The thing people forget to try and discuss is the level of frame stiffness in each. A cartridge bearing adds a degree of wiggle room, and the longer the arm connected to it, the more it's felt at the end of it. That lack of lateral stiffness people feel sometimes, is probably "tail wag" from the play in bearings. Having more than one set of bearings between the BB and rear axle does not make the rear end stiffer, despite popular belief (ex. short links). They add a lot of extra weight (ex. beefier rear triangle) and expense (ex. angular contact bearings, complex axle systems) to try and cover that up. Imagine the additional tail wag effect if the Yeti Switch Infinity had only 1 rail, instead of two (SI has the same amount of bearings as a single pivot).

    Personally, I like Switch Infinity the best, but don't think the $2k or so extra is worth it over a solid horst link or high end single pivot.
     
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  13. dustyyoungblood

    dustyyoungblood Well-Known Member

    Location:
    Ladera Ranch
    Name:
    Dustan Baker
    Current Bike:
    Foes Mixer Trail
    My post is biased. My motive is trying to talk myself into a Foes Mixer or Evil over a Santa Cruz hightower. My history being I liked the single pivot bikes I owned (Scott high octane 2005, Commencal 666 2010) and did not really like riding intense 6.6 vpp bike. I liked the giant riegn I owned in 2006. Also. But through all the demos and test rides and friends bikes I have ridden the single pivots feel good.

    Since an apples to apples comparison is not really possible, being the shock tuning and leverage rates and desired traits of a particular bike and its intended use/riding style are all part of the suspension design..... Hence the broad overview approach, what is the major downside(if any) of a single pivot 4-6" travel all mountain bike? I say only heavy braking in the rough. Pedal bob, nope. not with 1x and proper shock tune. Maybe standing in a sprint, yes some bob sure.
     
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  14. DangerDirtyD

    DangerDirtyD iMTB Rockstah

    Location:
    La Verne, CA
    Name:
    Dennis (AKA Dio)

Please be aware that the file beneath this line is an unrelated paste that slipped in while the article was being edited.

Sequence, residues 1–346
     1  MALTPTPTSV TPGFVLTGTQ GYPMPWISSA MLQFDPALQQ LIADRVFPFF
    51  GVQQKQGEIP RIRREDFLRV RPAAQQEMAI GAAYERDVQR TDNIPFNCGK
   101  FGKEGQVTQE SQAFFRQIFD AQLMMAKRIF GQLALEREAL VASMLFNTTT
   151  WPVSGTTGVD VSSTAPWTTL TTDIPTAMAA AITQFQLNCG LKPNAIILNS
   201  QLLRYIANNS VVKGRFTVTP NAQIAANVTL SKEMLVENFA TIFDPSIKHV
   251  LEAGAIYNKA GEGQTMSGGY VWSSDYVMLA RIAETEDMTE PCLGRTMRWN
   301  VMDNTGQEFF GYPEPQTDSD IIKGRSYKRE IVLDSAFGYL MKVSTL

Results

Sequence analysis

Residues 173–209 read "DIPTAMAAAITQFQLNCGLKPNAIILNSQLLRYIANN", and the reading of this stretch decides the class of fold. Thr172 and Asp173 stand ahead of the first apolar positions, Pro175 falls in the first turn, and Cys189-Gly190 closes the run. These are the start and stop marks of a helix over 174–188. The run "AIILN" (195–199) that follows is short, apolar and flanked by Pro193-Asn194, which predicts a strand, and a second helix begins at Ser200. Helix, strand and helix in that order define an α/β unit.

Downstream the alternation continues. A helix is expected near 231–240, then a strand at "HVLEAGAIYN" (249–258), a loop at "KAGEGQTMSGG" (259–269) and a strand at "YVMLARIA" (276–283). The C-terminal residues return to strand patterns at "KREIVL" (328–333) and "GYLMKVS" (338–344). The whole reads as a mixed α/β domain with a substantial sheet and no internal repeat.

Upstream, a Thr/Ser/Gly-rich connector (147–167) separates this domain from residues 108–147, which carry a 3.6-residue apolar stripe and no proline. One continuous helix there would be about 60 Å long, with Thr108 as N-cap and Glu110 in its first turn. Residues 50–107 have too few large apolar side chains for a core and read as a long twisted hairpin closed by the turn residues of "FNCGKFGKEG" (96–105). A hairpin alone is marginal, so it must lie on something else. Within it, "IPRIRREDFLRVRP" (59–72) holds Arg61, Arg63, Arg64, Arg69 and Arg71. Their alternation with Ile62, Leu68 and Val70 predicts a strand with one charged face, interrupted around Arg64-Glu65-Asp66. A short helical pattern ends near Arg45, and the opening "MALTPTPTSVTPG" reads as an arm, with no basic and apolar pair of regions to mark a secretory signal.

Current Bike:
    2013 Trek Slash 9 (26er)
    Any single pivot bike with Dave Weagle's "Split Pivot (e.g., Devinci or Salsa) or Trek's "Active Braking Pivot" significantly reduces brake jack. I have been biased toward Trek thanks to Red Shield coverage, but that has been eliminated, so ultimately go for whatever flexes the least during G-outs.
     
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  15. dustyyoungblood

    dustyyoungblood Well-Known Member

    Location:
    Ladera Ranch
    Name:
    Dustan Baker
    Current Bike:
    Foes Mixer Trail
    I had been looking at Devinci and failed to realize that "Split Pivot" places the brake mounting on the seat stay. That makes sense now. I totally overlooked that detail.
     
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  16. herzalot

    herzalot iMTB Hooligan

    Location:
    Laguna Beach
    Name:
    Chris
    Current Bike:
    '15 Intense Tracer 275c DVOish
    I've owned two linkage-driven single pivots (Yeti 575 and Yeti 303 RDH), two modified Horst Link (Knolly Podium and Knolly Endorphin) and two VPP (2007 Santa Cruz V-10 and current Intense Tracer). They were (are) all great. The Knolly is the best descender and climbed the best over chunky terrain - but was a chore climbing smooth surfaces. The 575 did everything well. The Tracer is great when the shock is dialed, but disappointing when the shock/sag is not perfect. Brake jack is a myth. All bikes stiffen under braking. My Podium is the best at absorbing bumps while braking however.